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  1. Wealth
June 23, 2010

Collateral Damage

By Spear's

I feel sorry for him, Gen. Stanley McChrystal. I really do.

I feel sorry for him, Gen. Stanley McChrystal. I really do.

After an illustrious career spanning West Point, Special Forces and nearly every global hotspot where he never met a badass he couldn’t tame, he’s been done in by the biggest badass of them all: the media. His ill-advised interview in Rolling Stone magazine, entitled “The Runaway General,” has led to his humiliating sacking on the White House lawn within the last hour — a full two days before the magazine is even for sale. Poor Stan: the cow pat hit the fan before the article hit the newsstand. 

Of course, the commander of all US and NATO forces in Afghanistan should never have granted any interview, never mind gone on the record shredding the reputations of everyone from Obama on down, but let’s try and see it from his perspective.

Frustrated and accustomed to having people hang on his every word, Gen. McChrystal was undoubtedly flattered by a fawning and oh-so-interested Michael Hastings, the journalist who wrote the interview. Having been on both sides of the press fence, I have a pretty good idea of how hypocritical and sycophantic they can be to get what they want: a soft flank where they can publicly stick the knife and advance their own careers and publications. A friend of mine who has spent decades in the public eye told me about eleven years ago about the media: “They don’t care about the truth; they care about selling more copies.”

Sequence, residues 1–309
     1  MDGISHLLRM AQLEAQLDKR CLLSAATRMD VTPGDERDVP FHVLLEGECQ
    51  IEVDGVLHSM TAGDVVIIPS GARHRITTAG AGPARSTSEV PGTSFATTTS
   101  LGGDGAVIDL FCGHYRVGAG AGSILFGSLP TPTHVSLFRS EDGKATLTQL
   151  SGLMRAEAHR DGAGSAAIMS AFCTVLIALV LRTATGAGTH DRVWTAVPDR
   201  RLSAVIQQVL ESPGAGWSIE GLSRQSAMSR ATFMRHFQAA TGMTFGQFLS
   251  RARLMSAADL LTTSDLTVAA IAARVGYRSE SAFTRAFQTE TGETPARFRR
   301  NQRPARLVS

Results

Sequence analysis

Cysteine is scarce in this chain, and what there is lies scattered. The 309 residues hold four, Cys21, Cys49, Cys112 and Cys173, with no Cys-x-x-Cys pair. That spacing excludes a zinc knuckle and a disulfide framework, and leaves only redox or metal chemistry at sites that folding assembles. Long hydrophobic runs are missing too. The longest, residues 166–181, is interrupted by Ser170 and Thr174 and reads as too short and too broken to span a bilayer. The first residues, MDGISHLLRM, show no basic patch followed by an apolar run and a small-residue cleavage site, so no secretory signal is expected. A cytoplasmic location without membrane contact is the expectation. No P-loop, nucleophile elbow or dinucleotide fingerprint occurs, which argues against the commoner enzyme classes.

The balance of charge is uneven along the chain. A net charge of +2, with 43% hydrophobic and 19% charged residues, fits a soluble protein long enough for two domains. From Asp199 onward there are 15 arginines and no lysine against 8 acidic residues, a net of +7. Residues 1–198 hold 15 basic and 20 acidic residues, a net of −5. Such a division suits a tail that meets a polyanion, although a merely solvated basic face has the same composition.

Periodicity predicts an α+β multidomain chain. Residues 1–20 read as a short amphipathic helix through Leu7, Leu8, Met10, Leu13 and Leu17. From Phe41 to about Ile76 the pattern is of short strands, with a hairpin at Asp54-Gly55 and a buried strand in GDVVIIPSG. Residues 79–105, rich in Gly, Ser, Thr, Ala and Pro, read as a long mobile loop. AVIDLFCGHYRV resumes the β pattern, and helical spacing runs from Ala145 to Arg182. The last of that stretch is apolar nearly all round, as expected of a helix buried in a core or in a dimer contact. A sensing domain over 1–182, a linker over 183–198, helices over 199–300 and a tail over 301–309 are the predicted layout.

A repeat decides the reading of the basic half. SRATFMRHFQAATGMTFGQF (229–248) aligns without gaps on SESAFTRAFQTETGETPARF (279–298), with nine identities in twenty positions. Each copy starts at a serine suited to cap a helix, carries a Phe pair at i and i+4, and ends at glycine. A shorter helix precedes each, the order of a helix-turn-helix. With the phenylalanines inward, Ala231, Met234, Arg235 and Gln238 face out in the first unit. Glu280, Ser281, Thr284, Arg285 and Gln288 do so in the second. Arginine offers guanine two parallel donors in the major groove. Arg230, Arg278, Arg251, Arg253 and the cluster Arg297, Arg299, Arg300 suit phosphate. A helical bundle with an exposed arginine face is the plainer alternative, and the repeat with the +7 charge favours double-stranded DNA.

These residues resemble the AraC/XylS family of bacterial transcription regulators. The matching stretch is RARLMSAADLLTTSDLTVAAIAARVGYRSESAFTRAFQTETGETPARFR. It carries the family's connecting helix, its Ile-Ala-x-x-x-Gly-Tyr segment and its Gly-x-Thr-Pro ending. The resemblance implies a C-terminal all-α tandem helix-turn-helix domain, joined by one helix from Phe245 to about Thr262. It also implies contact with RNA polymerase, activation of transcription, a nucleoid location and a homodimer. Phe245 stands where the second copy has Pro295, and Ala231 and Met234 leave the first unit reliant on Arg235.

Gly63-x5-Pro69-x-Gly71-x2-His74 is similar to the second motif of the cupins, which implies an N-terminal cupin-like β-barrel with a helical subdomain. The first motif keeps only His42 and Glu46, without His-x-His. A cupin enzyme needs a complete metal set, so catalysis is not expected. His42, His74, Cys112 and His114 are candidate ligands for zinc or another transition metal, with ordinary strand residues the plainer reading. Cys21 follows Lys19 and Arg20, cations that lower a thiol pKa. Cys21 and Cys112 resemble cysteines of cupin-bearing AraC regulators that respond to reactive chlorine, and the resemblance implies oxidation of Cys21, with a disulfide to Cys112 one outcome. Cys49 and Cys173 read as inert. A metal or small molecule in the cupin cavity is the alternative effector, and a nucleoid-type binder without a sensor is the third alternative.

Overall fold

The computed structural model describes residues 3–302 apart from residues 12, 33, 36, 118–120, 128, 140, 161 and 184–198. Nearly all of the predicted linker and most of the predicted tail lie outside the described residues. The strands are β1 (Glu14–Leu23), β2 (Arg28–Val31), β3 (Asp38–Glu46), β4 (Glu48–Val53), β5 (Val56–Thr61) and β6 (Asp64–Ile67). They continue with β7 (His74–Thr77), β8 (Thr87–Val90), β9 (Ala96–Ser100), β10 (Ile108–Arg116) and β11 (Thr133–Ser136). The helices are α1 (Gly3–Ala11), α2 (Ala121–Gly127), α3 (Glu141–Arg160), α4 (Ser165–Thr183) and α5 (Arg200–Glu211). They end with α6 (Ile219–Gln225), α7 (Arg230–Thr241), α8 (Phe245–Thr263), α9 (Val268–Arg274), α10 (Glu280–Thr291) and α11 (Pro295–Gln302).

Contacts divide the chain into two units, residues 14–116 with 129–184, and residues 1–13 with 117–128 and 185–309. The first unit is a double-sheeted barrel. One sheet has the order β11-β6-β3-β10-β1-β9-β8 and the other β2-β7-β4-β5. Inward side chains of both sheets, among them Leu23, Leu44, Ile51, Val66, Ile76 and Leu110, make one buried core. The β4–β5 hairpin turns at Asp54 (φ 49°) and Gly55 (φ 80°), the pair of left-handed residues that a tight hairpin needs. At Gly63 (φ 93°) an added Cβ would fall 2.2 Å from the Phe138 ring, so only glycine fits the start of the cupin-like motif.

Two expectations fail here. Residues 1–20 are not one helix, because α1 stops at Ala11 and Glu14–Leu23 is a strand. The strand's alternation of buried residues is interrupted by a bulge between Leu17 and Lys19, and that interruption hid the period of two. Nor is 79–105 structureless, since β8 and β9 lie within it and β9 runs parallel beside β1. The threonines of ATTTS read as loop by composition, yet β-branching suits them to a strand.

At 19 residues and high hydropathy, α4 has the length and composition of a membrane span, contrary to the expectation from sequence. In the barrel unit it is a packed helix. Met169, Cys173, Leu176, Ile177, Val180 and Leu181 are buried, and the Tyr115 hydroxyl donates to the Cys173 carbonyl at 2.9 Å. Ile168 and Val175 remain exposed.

Well, come Friday, Rolling Stone will shift historic numbers of copies, no doubt. Its website is already touting it as “the story that made history.”

In the meantime, the Afghan war effort now has to contend with a change in command.

I personally have always found politics sexy and underrated as a popular topic, but now it seems the twin Iraq and Afghan wars and all the controversies surrounding them (including the use of predator drones, “dodgy dossiers,” and the very idea of nation-building as an interventionist goal) have everyone getting in on the act. Once the purview of serious newspapers and political magazines, now every publication from Rolling Stone to Tatler is featuring politicians. It’s the latest phase of celebrity culture, really.

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After all, Gen. Stanley McChrystal has been catapulted into iconic status, alongside his colleagues Gen. “Stormin'” Norman Schwarzkopf, Gen. Colin Powell, and Gen. David H. Petraeus, who will now take his job. While I’m always thrilled to see greater political awareness by a broader public (a key to an effective democracy and one in which the US tends to fail miserably), I have to be a little concerned about politics-as-entertainment. Particularly when the consequences of the written word (here courtesy of Gen. McChrystal and Rolling Stone) will be inscribed on the bodies of young soldiers.

Michel Foucault and Franz Kafka would be riveted.

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